Buffet for the wolf?
The role of artificial feeding sites for wild ungulates in wolf predatory behaviour in Val di Fassa (Trentino).
The study on the impact of artificial feeding sites for wild ungulates on wolf predatory behaviour in Val di Fassa (province of Trento) has just started. This represents one of the actions included in the collaboration agreement between MUSE and Associazione Cacciatori Trentini (ACT), the main local hunting association, as part of the LWA EU Stewardship Program. This Program promotes and manages the co-planning and implementation of concrete actions developed together with those stakeholders (Stewards) who decide to take an active part in the conservation and management of the wolf in the Alps.
The idea was born from a specific interest of ACT, following the numerous predations on wild ungulates, especially mouflons, but also red and roe deer, recorded in recent years in the immediate vicinity of artificial feeding sites. These feeders, distributed along the whole valley, are loaded with hay by hunters during the winter months, with the aim of increasing the survival of wild ungulates in the most severe period of the year (please note that in the province of Trento this practice is allowed and regulated by the provincial government resolution no. 2852 of the 30th of December 2013 concerning artificial structures for the foraging of wild fauna). With the return of the wolf, however, the aggregation of ungulates around the feeders could create real buffet for the predator, especially in very snowy and cold winters. This seems to be particularly evident for the mouflon, a non-native species introduced in the province for hunting purposes starting from the ‘70s. Native to areas devoid of large predators, the species does not exhibit anti-predatory behaviors. In addition, in winter it tends to gather in large numbers at foraging sites, making it easy prey for the wolf, especially when the snow is particularly high.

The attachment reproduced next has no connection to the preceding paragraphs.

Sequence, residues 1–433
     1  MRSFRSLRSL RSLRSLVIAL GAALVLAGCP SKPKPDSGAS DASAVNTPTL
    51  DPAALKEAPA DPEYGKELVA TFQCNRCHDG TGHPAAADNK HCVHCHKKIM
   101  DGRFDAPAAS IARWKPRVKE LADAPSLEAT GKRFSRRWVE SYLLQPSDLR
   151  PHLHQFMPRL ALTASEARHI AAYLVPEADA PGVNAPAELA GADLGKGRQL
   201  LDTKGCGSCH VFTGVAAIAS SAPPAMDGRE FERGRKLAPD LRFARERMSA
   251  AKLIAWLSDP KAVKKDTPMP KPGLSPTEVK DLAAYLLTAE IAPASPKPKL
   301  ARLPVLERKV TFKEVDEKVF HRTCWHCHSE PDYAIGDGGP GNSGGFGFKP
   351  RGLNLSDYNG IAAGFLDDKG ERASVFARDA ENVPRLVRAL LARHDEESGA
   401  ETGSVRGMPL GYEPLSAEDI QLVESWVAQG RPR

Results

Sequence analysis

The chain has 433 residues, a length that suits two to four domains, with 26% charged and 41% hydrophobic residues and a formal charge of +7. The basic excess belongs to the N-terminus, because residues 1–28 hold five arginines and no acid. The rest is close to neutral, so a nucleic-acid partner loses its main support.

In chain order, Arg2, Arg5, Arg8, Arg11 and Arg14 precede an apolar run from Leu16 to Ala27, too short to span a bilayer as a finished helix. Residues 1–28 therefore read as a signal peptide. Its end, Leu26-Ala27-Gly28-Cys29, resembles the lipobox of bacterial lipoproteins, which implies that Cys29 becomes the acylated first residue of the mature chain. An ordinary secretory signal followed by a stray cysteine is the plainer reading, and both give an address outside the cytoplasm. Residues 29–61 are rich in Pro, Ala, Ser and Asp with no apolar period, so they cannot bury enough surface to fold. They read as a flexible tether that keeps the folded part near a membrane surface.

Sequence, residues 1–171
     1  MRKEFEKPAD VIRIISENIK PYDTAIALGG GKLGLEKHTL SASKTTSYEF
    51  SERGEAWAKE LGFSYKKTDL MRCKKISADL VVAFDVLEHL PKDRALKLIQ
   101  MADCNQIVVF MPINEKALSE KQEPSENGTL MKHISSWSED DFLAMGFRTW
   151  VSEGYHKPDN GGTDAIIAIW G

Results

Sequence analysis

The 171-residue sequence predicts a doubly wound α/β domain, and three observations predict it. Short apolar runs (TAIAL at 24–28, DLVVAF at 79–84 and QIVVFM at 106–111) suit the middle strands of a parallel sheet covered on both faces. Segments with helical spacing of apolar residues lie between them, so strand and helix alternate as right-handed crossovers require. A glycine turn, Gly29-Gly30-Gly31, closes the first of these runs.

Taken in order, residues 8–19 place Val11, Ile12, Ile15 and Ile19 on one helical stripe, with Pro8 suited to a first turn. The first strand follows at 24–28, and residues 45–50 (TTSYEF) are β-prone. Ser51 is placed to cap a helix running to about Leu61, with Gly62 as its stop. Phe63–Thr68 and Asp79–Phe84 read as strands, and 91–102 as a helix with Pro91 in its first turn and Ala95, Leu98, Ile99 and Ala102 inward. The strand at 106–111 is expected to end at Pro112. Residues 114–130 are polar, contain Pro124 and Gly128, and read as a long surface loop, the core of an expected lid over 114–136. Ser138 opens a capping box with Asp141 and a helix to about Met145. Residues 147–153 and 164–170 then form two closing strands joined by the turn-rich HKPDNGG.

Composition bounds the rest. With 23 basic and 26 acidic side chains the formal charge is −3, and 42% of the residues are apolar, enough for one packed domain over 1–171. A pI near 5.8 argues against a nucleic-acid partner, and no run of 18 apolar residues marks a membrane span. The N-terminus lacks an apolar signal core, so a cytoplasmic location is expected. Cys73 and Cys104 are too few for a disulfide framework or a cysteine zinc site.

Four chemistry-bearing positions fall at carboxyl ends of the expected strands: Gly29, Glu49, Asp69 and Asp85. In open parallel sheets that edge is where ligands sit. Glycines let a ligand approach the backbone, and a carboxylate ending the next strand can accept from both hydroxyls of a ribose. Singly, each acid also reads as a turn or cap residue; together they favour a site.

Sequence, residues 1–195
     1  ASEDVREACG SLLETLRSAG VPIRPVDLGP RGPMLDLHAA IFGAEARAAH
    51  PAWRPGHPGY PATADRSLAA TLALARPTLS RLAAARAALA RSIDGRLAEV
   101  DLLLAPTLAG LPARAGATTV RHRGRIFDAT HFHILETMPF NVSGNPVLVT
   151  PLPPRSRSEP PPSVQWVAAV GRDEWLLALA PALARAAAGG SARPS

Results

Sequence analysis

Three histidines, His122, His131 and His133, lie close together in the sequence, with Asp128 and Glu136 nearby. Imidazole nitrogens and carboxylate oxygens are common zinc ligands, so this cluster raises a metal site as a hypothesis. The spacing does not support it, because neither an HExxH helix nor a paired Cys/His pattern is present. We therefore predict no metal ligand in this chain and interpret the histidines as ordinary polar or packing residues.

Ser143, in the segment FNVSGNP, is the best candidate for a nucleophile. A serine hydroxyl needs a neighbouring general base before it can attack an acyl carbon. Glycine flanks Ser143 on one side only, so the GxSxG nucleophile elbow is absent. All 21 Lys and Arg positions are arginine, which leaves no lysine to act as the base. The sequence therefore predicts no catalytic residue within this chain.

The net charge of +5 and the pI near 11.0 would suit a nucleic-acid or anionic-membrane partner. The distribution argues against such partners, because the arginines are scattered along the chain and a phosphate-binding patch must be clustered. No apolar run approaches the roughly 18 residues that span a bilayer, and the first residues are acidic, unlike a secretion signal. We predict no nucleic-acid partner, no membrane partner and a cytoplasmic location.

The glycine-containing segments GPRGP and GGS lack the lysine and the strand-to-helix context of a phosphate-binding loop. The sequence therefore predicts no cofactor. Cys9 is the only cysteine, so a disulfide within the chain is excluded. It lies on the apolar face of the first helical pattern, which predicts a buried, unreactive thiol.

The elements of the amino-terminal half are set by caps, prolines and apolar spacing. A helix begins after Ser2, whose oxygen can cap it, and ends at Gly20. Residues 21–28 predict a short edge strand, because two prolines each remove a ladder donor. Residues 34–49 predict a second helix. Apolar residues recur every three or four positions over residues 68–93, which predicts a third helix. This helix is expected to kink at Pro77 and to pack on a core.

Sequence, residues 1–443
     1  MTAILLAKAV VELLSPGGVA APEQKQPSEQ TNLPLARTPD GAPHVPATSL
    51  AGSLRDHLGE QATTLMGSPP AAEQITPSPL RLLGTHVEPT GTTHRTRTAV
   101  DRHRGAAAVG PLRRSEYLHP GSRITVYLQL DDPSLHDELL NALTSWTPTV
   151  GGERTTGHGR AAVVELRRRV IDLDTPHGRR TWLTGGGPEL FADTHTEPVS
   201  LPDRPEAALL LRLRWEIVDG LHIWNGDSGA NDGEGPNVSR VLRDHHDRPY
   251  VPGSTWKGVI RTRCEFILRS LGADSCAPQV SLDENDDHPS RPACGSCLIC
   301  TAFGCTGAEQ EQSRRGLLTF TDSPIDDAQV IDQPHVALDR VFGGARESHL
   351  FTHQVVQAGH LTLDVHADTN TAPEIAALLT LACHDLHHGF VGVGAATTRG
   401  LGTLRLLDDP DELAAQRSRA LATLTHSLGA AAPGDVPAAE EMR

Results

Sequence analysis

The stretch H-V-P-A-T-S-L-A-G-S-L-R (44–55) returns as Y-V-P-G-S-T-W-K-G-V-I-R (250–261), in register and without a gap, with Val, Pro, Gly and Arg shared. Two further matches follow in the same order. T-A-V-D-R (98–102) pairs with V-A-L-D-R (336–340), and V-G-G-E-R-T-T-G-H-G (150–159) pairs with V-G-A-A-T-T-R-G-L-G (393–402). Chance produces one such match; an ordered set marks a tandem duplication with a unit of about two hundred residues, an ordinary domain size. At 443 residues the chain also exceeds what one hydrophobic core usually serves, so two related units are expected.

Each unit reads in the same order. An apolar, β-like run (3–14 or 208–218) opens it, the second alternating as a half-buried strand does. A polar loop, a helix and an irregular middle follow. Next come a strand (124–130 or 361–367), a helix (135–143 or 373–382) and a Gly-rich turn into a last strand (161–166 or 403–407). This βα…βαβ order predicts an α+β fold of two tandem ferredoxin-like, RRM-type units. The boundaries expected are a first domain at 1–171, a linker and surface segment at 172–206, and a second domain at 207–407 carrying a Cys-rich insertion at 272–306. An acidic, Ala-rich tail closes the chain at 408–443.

The objective of the study is to provide an overview of the dynamics of wolf predation in an area where artificial feeding sites are numerous, and that is home to the largest population of mouflons in the province.
The sites under study will be systematically and intensively monitored between January and March 2022 by the MUSE (Vertebrate Zoology Section) and ACT’s staff, with the support of the personnel of the Forestry Corps of the Autonomous Province of Trento and the Forest Keepers, thanks to the use of camera traps and direct inspections to record any wolf signs and predations.